Being the caring lot they are, our fellow motorcaravanners converged from all directions. And because most of them are retired, with various life skills and professional qualifications to their names, we had somebody qualified to administer first aid when Tony – predictably – failed to follow sensible advice and head for the nearest hospital. Paul Spear happened to have a handy syringe – don’t ask why – and with the help of some iodine and water, he managed to flush out the half a ton of gravel that had embedded itself in the wounds. His wife Penny – justifiably proud of her husband’s felicitous administrations – suggested we should rename him Florence. This didn’t go down to well, and a domestic was narrowly avoided since Paul’s main consideration was the wellbeing of his patient. I did try to pour oil on the troubled waters of marital harmony by saying he couldn’t be another Florence Nightingale because he didn’t have the legs for the stockings, but apparently it was the wrong thing to say.

With Tony patched up and resting, we thought the drama was over, but what a mistake-a to make-a! Next thing we knew, Paddy – who had been moved out of sight range of the tantalising tortoiseshell – was going ballistic at a black cat that had the temerity to come within half a mile of us. Said black cat was followed by a Dutch couple with a washing up bowl in their hands. It was making noises, which is pretty advanced, even for a washing up bowl from the local Chinese bazaar. It turned out that the cat had decided to give birth to her kittens in the Dutch couple’s motor home, and then gone for a bit of rest and recouperation while the babies were sleeping. The new mother couldn’t have imagined what she had let herself in for by heading into Paddy’s territory, but he let her have it with both barrels, and no way was she passing this way again, even to get back to her babies. However, the Dutch couple were determined to facilitate a reconciliation, hence the tour of the camp site with the washing up bowl. We suggested maybe they needed to take the kittens back to their motor home and let Mama Cat find them.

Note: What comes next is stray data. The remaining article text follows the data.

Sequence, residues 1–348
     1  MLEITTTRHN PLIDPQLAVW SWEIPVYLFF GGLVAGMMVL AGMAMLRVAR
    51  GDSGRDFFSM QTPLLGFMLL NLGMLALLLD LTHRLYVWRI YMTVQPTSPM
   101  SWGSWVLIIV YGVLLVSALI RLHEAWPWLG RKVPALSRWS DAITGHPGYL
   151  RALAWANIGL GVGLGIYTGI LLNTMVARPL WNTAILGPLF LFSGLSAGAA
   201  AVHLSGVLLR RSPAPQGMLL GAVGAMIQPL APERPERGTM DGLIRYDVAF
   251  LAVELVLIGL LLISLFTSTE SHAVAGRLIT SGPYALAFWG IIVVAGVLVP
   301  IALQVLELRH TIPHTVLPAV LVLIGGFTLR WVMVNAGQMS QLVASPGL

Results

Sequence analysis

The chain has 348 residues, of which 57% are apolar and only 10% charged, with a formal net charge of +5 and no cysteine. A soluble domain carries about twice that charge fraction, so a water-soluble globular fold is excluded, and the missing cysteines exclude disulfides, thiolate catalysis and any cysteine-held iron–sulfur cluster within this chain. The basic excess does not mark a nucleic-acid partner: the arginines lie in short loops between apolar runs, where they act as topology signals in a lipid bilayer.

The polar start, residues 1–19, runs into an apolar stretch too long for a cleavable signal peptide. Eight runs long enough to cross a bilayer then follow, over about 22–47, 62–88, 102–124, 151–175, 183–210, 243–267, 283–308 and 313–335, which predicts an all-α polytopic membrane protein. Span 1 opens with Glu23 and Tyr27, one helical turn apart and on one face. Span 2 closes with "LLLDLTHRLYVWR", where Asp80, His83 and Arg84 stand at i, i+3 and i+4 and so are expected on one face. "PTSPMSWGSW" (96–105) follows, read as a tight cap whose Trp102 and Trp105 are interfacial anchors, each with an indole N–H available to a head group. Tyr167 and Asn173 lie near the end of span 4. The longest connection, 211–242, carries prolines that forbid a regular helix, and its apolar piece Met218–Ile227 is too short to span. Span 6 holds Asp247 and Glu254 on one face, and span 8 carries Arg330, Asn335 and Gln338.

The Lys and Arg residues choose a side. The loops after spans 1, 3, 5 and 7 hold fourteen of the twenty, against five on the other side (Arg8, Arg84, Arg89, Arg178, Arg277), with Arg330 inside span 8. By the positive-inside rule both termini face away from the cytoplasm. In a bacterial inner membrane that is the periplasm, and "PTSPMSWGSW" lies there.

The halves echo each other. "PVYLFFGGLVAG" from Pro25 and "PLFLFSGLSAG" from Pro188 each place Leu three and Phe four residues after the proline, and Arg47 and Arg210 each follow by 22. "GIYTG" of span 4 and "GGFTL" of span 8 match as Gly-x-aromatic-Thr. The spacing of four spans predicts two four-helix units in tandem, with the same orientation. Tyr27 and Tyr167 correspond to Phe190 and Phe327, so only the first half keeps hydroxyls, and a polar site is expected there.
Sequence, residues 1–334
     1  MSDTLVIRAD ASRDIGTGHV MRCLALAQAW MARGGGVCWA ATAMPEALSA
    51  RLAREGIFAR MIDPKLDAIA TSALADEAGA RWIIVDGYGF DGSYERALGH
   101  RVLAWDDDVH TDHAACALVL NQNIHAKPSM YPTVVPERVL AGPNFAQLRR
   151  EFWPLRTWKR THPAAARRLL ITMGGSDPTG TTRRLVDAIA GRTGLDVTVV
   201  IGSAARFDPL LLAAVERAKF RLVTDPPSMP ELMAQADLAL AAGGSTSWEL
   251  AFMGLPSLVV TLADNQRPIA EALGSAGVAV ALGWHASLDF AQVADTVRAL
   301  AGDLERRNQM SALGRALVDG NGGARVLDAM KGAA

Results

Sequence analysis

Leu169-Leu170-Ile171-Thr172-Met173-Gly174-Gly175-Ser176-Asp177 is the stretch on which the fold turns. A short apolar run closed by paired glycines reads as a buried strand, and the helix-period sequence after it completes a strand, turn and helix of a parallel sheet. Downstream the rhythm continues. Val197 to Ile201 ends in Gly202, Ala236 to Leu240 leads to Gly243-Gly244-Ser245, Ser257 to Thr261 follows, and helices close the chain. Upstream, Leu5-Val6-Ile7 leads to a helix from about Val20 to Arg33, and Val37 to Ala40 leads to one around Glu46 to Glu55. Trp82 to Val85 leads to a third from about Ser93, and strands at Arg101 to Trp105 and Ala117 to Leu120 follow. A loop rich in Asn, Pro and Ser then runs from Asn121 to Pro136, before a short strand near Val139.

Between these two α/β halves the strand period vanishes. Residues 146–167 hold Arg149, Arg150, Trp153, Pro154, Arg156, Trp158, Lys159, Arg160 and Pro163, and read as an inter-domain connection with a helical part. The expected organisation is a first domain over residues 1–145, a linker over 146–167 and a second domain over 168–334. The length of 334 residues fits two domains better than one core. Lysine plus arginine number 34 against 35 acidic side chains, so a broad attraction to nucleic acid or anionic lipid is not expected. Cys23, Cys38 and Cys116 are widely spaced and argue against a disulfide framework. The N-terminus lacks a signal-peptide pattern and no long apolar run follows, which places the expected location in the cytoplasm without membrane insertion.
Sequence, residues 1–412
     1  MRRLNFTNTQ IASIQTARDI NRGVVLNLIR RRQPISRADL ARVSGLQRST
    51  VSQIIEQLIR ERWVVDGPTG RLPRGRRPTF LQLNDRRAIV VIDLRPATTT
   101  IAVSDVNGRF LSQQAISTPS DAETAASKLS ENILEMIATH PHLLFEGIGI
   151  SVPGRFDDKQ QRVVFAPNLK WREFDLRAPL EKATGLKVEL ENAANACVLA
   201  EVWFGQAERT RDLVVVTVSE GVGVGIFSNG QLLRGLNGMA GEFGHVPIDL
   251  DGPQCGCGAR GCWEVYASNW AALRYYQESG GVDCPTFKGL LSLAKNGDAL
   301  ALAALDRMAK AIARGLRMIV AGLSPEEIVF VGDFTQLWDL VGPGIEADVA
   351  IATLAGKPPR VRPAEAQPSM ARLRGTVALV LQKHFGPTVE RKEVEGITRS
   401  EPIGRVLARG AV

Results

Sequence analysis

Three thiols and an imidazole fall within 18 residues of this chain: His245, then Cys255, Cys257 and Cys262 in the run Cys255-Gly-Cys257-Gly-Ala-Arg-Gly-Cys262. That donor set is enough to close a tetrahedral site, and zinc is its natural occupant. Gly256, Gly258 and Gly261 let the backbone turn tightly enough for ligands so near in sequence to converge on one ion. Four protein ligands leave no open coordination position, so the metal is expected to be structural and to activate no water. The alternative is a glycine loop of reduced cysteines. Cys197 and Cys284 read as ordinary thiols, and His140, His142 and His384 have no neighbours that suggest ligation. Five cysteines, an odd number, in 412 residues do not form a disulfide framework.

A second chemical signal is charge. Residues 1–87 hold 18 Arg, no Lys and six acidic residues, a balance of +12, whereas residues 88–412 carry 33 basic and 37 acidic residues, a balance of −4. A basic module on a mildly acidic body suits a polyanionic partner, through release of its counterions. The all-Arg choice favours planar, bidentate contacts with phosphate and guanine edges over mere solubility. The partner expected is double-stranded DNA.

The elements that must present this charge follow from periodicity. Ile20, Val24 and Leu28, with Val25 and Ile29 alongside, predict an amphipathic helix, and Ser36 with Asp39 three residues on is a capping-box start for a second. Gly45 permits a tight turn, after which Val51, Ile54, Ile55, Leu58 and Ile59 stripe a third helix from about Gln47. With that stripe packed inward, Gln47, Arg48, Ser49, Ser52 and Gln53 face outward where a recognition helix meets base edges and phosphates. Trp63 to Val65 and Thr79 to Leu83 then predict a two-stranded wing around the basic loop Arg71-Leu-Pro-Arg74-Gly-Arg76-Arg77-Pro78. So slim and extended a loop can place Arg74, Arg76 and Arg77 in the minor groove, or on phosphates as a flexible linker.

What was intended to be – in the words of our hosts Geoff and Brenda Balshaw – ‘a relaxing rally, with stuff to do, and also plenty of chances for peace, quiet, and exploration’ was rapidly descending into a

Paddy enjoying the rally – which is more than Tony is doing!

disaster of apocalyptic proportions, so we had to do something to persuade Paddy that informing the whole camp site – all 650 pitches – that there was a cat nearby was not a good idea. He’s not keen on water applied directly to his person, although he’ll happily frolic in the sea, the salt lakes near us and any other water that is fairly predictable. Someone suggested that a spray bottle, filled with water and aimed between the eyes every time he barked at a cat might restore peace and tranquility, so I trotted off to the local Chinese bazaar and bought the instrument of torture. And it’s working. Two days later, at the sight of a cat, he just growls, I pick up the spray bottle, and he cowers. I’m not proud of putting him through that, but needs must. And if any of my readers have a husband they want rid of, I’m happy to rent Paddy out, minus the spray bottle. As long as there are plenty of cats where you live, and there are no first aiders on hand. Rates subject to negotiation.